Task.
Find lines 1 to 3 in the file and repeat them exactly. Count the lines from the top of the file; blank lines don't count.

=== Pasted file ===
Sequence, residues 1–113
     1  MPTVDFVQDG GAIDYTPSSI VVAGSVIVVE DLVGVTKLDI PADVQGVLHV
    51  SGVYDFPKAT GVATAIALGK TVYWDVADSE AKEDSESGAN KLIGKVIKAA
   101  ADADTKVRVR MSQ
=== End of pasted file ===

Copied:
Sequence, residues 1–113
     1  MPTVDFVQDG GAIDYTPSSI VVAGSVIVVE DLVGVTKLDI PADVQGVLHV
    51  SGVYDFPKAT GVATAIALGK TVYWDVADSE AKEDSESGAN KLIGKVIKAA